Audit Committee Bulletin: July 2013
Focused scrutiny improves post-acquisition reporting
Audit committees can help to reduce the risk of inaccurate disclosure by ensuring that the company’s finance and accounting functions have sufficient plans and controls in place to manage post-deal accounting and reporting.
But many companies struggle here. Our report Aligned for growth: reporting on post-deal success suggests that 51% of the companies that completed an M&A transaction in the last three years had difficulty integrating their financial reporting.
Four areas of activity could improve performance in this area:
Plan well and plan early: Our study found that 39% of companies started their finance and integration planning only at, or after, the completion of the deal. Of these “late planners,” 78% had problems gathering the information they needed for financial statement disclosures, compared with 52% of companies that planned earlier.
The best practice is to develop a risk-focused financial reporting and integration plan at an early stage of the process. This will help to reduce “surprises” and maintain stakeholder confidence.
Communicate and coordinate: Better communication was a priority for a third (33%) of the companies that had run into post-transaction management reporting problems. Greater openness between the target company and acquirer seem to help here.
Wherever possible, members of the acquiring company’s finance team should work together with their peers at the target business at an early stage and establish clear ownership of the accounting and reporting integration plan.
The right team, with the right information: Being able to access and share the target company’s financial data is a key requirement for successful finance and accounting integration. A quarter (24%) of the companies with budgeting and forecasting problems said, in future, they would try to understand the target’s accounting policies and reporting procedures better.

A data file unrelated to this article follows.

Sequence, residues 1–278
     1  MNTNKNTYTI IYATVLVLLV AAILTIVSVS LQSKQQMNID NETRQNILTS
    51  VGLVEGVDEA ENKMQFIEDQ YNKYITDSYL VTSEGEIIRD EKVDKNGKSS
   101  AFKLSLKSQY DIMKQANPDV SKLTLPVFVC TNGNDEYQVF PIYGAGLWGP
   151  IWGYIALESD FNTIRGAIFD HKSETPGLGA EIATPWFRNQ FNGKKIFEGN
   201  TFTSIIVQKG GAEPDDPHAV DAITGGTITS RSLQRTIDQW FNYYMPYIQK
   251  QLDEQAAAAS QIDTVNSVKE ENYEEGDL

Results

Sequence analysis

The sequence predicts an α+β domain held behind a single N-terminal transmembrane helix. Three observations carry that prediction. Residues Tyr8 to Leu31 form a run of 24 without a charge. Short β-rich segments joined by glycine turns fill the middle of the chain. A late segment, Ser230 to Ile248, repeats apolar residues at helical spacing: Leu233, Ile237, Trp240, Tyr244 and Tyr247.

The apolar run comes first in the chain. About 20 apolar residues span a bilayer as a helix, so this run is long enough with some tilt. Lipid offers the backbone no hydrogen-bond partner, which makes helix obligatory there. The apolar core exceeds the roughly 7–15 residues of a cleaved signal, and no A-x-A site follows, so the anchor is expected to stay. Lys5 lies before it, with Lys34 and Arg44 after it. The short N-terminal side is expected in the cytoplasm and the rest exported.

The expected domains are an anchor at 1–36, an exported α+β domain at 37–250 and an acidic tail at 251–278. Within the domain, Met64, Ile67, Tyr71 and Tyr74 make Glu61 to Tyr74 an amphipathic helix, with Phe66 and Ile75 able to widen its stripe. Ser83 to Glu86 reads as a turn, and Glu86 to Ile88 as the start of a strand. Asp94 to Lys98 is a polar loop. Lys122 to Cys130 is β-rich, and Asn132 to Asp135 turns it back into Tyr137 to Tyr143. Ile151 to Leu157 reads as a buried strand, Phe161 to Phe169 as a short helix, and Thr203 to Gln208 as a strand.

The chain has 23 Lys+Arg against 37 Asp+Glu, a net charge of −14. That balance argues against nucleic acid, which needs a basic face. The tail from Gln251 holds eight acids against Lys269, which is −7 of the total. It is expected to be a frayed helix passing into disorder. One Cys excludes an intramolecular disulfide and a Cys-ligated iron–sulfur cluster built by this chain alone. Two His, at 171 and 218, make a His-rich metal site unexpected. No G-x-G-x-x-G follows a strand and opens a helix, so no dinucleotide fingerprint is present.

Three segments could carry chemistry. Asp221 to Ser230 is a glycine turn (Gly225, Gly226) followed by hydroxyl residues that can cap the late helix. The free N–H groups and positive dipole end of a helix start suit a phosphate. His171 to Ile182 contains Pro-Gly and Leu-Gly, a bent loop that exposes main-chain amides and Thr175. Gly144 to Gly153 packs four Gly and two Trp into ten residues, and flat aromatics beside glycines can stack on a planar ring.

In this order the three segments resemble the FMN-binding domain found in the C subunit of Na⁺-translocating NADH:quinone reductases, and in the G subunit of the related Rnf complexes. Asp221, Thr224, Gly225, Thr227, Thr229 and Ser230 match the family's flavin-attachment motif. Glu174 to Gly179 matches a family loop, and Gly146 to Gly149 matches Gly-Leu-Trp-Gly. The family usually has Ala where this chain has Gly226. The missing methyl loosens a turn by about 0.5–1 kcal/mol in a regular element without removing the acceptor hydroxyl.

The need to have a well-qualified and experienced team in place cannot be underestimated. Access to specialist external advice can aid rapid issue identification and remediation.
Check accounting processes and policies: Two-thirds (65%) of companies that had issues with their financial reporting integration struggled with differences between their application of accounting policies and the approach taken by their target company. Management accounting practices were a particular problem.
It’s important to align charts of accounts and management reporting templates. Improvement here can help to underpin robust post-deal reporting.
Questions for the audit committee to ask the CFO:
- How do we gain an understanding of the financial and management reporting practices at companies we acquire? Could we accelerate this process?
- Where does a comparison of GAAP and accounting differences feature in our due diligence process? Does it need a higher profile?
- How effectively do we work with the finance teams at target companies? Could we form better partnerships?